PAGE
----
By Bryan Jew, VeloNews senior writer

Photo: Bryan Jew

Three Tours. Two crashes. One wasp sting. No finishes. That is Jonathan Vaughters’s depressing Tour de France track record after withdrew from the 2001 Tour de France on Tuesday. But even more depressing, or frustrating to Vaughters, was that his dream of finishing was ended as much by an arbitrary UCI regulation as it was by his allergic reaction to that wasp sting.

Vaughters was stung just above the right eye during a team training ride on Monday. When he got back to the Crédit Agricole hotel in Pau, the team took him to a local hospital for treatment. There, just to be perfectly clear on the situation, a doctor contacted the UCI, which said that Vaughters could not be treated with cortisone to reduce the swelling.

“The doctor at the hospital called the head of the UCI medical commission in Lausanne, (Switzerland), and the head of the UCI medical commission said absolutely not, it was not authorized, period, amen,” Vaughters said on Tuesday.

Vaughters and his team were told that because the treatment would involve either an intramuscular or intravenous injection of cortisone, it was not authorized by UCI rules. “I don’t see the difference between this and tendinitis. If you have a little tendinitis you can take cortisone. But with this, you can’t,” Vaughters said. “Okay, it’s different between cortisone that’s injected right into the knee, and a general cortisone that’s injected intramuscularly, yeah, there is a difference there, but I’m not gonna win the Tour de France just because I took cortisone so that my face doesn’t look like a basketball.”

On Tuesday, before the start of Stage 15 in Pau, the right side of Vaughters’s face was swollen, and his right eye was swollen completely shut. And he knew that his Tour was just about over. “My choices are, simply that I race like this, you know, potentially cause a crash, whatever else, without having any depth perception in one eye. Or, I stop the race and take the cortisone and [the swelling] goes down normally, but obviously I can’t finish my first Tour de France. Or the third option is to go ahead and take the cortisone and to have [the swelling] go down and then be positive if I get a random [drug] control at the finish. So what do you choose? The six-month suspension? Not finishing the Tour de France, which I desperately wanted to finish, essentially?”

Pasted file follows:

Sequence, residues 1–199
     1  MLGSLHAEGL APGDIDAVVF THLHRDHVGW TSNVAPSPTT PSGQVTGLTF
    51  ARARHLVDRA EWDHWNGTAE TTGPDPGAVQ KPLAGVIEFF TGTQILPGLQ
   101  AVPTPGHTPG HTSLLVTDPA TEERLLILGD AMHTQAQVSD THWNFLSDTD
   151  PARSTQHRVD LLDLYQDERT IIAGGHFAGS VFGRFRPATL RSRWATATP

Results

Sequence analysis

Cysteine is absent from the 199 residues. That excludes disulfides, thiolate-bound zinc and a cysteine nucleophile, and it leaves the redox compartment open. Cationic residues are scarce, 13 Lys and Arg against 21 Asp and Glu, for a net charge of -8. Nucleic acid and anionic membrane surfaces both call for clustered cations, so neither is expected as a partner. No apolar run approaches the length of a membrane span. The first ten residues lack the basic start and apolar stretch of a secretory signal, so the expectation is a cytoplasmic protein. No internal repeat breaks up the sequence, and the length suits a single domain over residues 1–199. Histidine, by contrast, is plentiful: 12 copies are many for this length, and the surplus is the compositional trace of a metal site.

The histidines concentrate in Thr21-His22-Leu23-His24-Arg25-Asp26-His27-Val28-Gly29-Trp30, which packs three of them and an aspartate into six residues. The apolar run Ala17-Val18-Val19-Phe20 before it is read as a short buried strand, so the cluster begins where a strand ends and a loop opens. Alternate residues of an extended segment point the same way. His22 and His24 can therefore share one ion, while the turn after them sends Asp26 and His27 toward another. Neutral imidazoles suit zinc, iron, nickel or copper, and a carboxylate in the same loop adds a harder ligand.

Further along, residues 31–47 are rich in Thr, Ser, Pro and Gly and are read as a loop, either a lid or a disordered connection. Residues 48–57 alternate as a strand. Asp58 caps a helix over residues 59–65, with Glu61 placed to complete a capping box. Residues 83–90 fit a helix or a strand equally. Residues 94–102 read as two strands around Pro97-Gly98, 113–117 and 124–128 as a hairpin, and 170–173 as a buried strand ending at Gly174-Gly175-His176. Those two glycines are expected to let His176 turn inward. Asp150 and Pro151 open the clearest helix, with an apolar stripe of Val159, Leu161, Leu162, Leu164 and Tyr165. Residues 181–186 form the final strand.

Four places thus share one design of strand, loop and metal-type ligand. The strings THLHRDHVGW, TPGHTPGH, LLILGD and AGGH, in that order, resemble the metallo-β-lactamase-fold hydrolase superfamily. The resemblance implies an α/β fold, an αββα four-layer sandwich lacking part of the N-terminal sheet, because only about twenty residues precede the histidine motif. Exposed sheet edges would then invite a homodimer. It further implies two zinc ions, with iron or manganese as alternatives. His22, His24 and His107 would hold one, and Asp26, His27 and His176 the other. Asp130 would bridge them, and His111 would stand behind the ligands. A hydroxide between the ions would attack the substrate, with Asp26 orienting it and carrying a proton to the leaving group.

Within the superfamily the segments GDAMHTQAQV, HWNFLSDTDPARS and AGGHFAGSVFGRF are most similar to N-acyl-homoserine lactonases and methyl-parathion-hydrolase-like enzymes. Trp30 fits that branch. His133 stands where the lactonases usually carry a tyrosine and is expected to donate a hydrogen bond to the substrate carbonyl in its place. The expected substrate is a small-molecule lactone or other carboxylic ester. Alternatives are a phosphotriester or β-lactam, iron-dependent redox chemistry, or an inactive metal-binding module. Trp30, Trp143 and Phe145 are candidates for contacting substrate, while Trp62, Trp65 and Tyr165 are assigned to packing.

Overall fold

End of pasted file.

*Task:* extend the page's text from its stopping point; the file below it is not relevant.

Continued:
Vaughters did start the stage, but as soon as the pace began to pick up in the first 4km of the race, he knew he was done. “They started going fast, it started going technical and I couldn’t see out of one eye.”

He dropped off the back of the peloton, and shortly after he pulled to the side of the road and got into the team car for the long ride to the finish. After pulling out, he did receive the needed cortisone injection, and by the time he reached Pau, things had already started to clear up.

“I can now, because I’ve taken this marvelous, performance-enhancing and extremely illegal medication that, you know, allowed me to see out of my right eye,” he said. “It’s gone down a lot. It’ll be fine by tomorrow.”

For Vaughters, his emotions on the day were mainly of frustration. “Last year, I was just really sad,” he said. “This year, it’s just like, well, what can I do?”

Ironically, Vaughters withdrawal came a day after Lance Armstrong was bombarded by doping questions at his press conference on the rest day in Pau. “Obviously it’s the UCI’s fault, but also, it’s the press, it’s the people, its the media, it’s the public in France, it’s the public in Europe,”Vaughters said. “Everyone in cycling has become absolutely obsessed with doping, and so it forces the strictness of the regulations to become, not necessarily objective.

“It needs to calm down. People need to stop thinking that that’s the only thing that’s going on in the race, and then forcing the governing bodies and forcing the teams to get so overly nervous that they have to adopt ridiculously strict policies.”